I’m a sucker for cool comeback stories – at least enough that I don’t readily dismiss fringe players, former top prospects and those with supposedly newfound abilities for one reason or another who are the subjects of them. I can’t help but wonder if they’ll help my fantasy teams, so I do some research and give them a chance to convince me.
Of course, most of them don’t, just as most fantasy owners had suspected. But they’re worthwhile exercises to me, nonetheless. The rate of return in terms of quantity is low, but the potential rate of return relative to the investment can be great.
OF Michael Saunders, Seattle Mariners
Ownership: CBS 8% | Yahoo! 3% | ESPN 1.7%
The M’s optioned underground fantasy baseball sleeper Abraham Almonte to Triple-A Tacoma this past weekend. That move propped open the door for Saunders, at least for the near future. As Eno essentially waxed in March, Seattle seemed to be sold on the idea of Almonte as their everyday center fielder. His plus D in center plus Saunders’ subpar defense there had to be motivating factors.
The Mariners’ offense was stagnant for the season’s first month, but they’ve turned it around. Almonte’s .198/.248/.292 line, enforced by his 73.0% contact rate, hadn’t been helping that cause, and it wasn’t enough to justify the deployment of his plus glove anymore. Thus, James Jones, who has more upside with the bat, receives a shot in center. That has to be a better gig than any with the Oakland Raiders. Kind of like Dexter Fowler, he brings a touch of pop and some speed. He’s a player to watch in deep leagues in his own right.
Anyway, the entry is Saunders’. I’d wanted to endorse him last week because I’d sensed that changes like these were coming, but I second-guessed the notion because of some doubt about the staying power of the recommendation and the comparative niche of owners to whom a move for him would appeal. Not the better decision, in hindsight, because although Saunders’ upside is a tad modest, it’s greater than that of the average backup who lucks into some PT.
Speaking of that upside, fantasy owners shouldn’t be strangers to what Saunders can do. His batting average is a long-term liability, but his ability to go 15-15 to 20-20 in a full season makes up for the hit. The M’s weren’t devoted to him at least in part because he hasn’t been a consistent producer on offense, and they in theory have the depth to make playing time a big issue for Saunders. Logan Morrison (strained left hamstring) could affect this arrangement, I suppose, but his return isn’t imminent.
Saunders, 27, is no sure thing. Lloyd McClendon, whose quotes here suggest that he takes the traditional, whimsical approach to the assembly of his lineup card, won’t commit to the corner outfielder. Let’s hope the 0-for-4 with a sacrifice on Tuesday night didn’t hurt Saunders’ prospects. I’ve been a bit of a fan since he began to use elastic bands and heavier bats in offseason workouts and BP to improve his swing. (The sticks aren’t 60 ounces, it turns out; I’ve read that they’re anywhere from 45 to 52.) I like players who try new things. He hits the ball hard.
My bid for Saunders in the Mixed Tout Wars Draft league, a 15-teamer, this past weekend came up a couple of bucks short. Disappointing. He can suffice in 12-team mixed leagues, but in them it won’t be long before he becomes tempting to cut.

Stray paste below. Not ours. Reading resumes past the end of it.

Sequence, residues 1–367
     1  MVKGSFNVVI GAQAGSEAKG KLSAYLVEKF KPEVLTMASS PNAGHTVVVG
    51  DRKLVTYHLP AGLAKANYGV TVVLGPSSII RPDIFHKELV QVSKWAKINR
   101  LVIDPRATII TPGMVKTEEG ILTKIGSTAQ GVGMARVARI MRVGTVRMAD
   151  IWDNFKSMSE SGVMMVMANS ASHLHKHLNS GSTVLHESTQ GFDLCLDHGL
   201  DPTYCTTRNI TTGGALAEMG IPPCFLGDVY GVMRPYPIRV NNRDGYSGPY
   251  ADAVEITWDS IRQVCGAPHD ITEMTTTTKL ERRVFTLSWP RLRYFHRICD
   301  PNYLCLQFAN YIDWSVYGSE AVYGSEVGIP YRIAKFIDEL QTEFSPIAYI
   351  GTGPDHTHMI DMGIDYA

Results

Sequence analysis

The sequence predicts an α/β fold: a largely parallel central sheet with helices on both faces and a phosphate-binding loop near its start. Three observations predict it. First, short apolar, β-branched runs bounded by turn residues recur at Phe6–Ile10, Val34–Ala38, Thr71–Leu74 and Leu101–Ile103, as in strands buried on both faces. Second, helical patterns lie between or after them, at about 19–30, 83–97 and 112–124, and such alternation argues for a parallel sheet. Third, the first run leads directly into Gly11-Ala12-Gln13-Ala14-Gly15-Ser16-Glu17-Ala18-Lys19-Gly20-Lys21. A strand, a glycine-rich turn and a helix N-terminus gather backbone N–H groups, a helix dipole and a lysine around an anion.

SP Josh Tomlin, Cleveland Indians
Ownership: CBS 6% | Yahoo! 1% | ESPN 0.8%
Tomlin’s case is pretty simple. The arguments existed before his 6 2/3 innings of one-run ball against the Minnesota Twins on Tuesday night.
He has a rotation spot now that the Tribe has moved Carlos Carrasco to the bullpen. How long he holds it should depend solely on his performance; Trevor Bauer, for whom I’ve also expressed my affinity (and am still holding in Tout) is practically on standby. Tomlin doesn’t issue many walks. He won’t be a great source of strikeouts. But if someone like Mike Leake can have some run in deep mixed leagues, then so can Tomlin.
I understand that it’s difficult to trust a pitcher like this in a mixed league. The FAAB bid should be nominal. But I think that type of investment stands a good chance to pay off in the ERA and WHIP departments for a little while. Once corrections begin to set in, his owners can cast him aside without remorse. Kind of like they might have after his solid two-month stretch to open the 2011 campaign.
Then, Tomlin was just a guy, certainly an overachiever in that particular period. His fastballs regularly sat in the high 80s. Since his surgery to replace the ulnar collateral ligament in his right elbow, things have changed a bit. David Laurila interviewed him for a piece posted yesterday that details some positive effects that have materialized (or re-emerged) in the wake of Tomlin’s injury.
The right-hander has assets beyond his talents. He’s smart. He understands the purposes of his pitches. He’s unafraid. He’s willing to attack both sides of the plate and to make a mistake.
Tomlin isn’t going to win anybody a fantasy league. But he should make a solid contribution as a backend starter on a roto team. Since his return from TJS, he’s done nothing but retire hitters consistently. He outpitched Carrasco in spring training, when he posted a 19:4 K/BB, with whatever a 3.54 ERA is worth, in 20 1/3 frames. He logged a 2.06 ERA (3.70 FIP) with a 7.2 K/9 and a 2.3 BB/9 in five starts (35 stanzas) for Triple-A Columbus. He just might continue that trend for a while in the bigs, too.
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